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#1 Michael Wilson

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Posted 09 February 2009 - 03:40 PM

When I am standing with the rig on how do I find the common center of gravity. That is my cg and that of the camera and sled in order to balance the rig without holding onto it.

I have gone through every variation of the threads and I feel as though as I am standing incorrectly. I can balance the rig from time to time yet can't sustain it consistently.

How should I stand in order to do this?

Stand with feet inbetween camera and body? Stand straight up?

thanks

michael
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#2 Jerry Holway

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Posted 09 February 2009 - 07:15 PM

Michael-

a bit of terminology will help, perhaps. It sounds like you are trying to find your proper "threads" so that the sled doesn't appear to fly away from or towards you as you stand up naturally.

(c.g. is another issue/concern, and if you weren't standing on the common c.g. of you and the sled, you'd fall over.)

Two possible issues: stand with the rig about 45 degrees off your hip (arm crossing your body) and pan the camera slightly across your body. (another way to think of this is your hips are turned slightly towards the sled.) You DO NOT want the sled at your side.

Assuming you have a typical rig/socket block connection, the "side to side" threads should be about 2 full turns out on the top and all the way in on the bottom.

If you have a big belly, wind the top "in and out" screw most of the way out. If you have a flat stomach, wind the top "in and out" screw a couple of turns shy of all the way in.

Then try it out with the correct stance relative to the rig. If it's close, just play around with it. If the rig wants to go violently away or towards you, change one set of threads a couple of turns at a time and test it again.

Good luck.

Jerry
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#3 Michael Wilson

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Posted 09 February 2009 - 11:12 PM

Standing at the 45 degree angle towards the sled helped. Now I can keep it balanced. It kind of moves around slightly but not violently. So is this position I should use while operating? Keeping my hips pointed towards the sled slightly? I haven't been able to pick this position out so much from the EFP video.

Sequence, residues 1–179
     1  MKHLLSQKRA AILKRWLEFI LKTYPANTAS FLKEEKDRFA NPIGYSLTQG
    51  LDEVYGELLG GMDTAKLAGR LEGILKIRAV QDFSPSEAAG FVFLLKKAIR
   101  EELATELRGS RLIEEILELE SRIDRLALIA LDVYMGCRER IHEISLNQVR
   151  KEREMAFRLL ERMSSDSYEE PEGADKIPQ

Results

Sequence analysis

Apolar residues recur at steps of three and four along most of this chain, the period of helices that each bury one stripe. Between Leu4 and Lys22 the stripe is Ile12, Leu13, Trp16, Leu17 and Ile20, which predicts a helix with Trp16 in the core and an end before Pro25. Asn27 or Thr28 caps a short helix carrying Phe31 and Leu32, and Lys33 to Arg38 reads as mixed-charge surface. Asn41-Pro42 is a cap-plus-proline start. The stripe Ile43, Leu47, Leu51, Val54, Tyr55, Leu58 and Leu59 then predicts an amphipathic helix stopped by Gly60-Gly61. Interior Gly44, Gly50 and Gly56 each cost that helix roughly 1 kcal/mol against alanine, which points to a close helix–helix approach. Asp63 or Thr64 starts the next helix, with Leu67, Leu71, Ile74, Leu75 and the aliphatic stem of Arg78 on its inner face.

Can't wait for the book.

thanks for your help
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#4 Eric Fletcher S.O.C.

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Posted 10 February 2009 - 12:50 AM

Standing at the 45 degree angle towards the sled helped. Now I can keep it balanced. It kind of moves around slightly but not violently. So is this position I should use while operating? Keeping my hips pointed towards the sled slightly? I haven't been able to pick this position out so much from the EFP video.


Can't wait for the book.



No you should be walking normally, hips straight ahead.

I think you should be looking into workshop. I'm not sure but if there is a slot open you should take the Lake Arrowhead workshop in March.
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#5 chris fawcett

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Posted 10 February 2009 - 07:43 AM

Hi Michael,

Like Eric says, take a workshop—that's the best advice you can get.

Meanwhile, bearing in mind what Jerry says, you'll find some basic tips here: http://steadivision.com/steadipos.html

Best wishes,

Chris
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#6 Jerry Holway

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Posted 10 February 2009 - 08:10 AM

Michael-

Since you have it, look carefully at the EFP DVD, especially the position of the rig next to the body. Ted's intro is good while he's walking, and the hips are turned in slightly towards the rig while walking, and this is right for him and for me, but perhaps not for Eric.

Without taking a workshop, it's hard to know how to take all these little tidbits of great and varied advice and put them in a context that works for you.

I'm hoping the EFP DVD and (later this month or week or so) the book will help with that broad understanding, so the specific questions and advice in this forum has a broader context, and you can better discover the proper place for the advice in your universe of experience.

Even clicking on the book icon to the right and then blowing up the cover image of Ruben Sluijter might help (alas the glidecam guy is holding the rig for the photo, not for operating, so there's an unnatural tension in the body, hips... not good).

So, again, good luck, take a workshop, watch the tape, read the book soon...

Jerry
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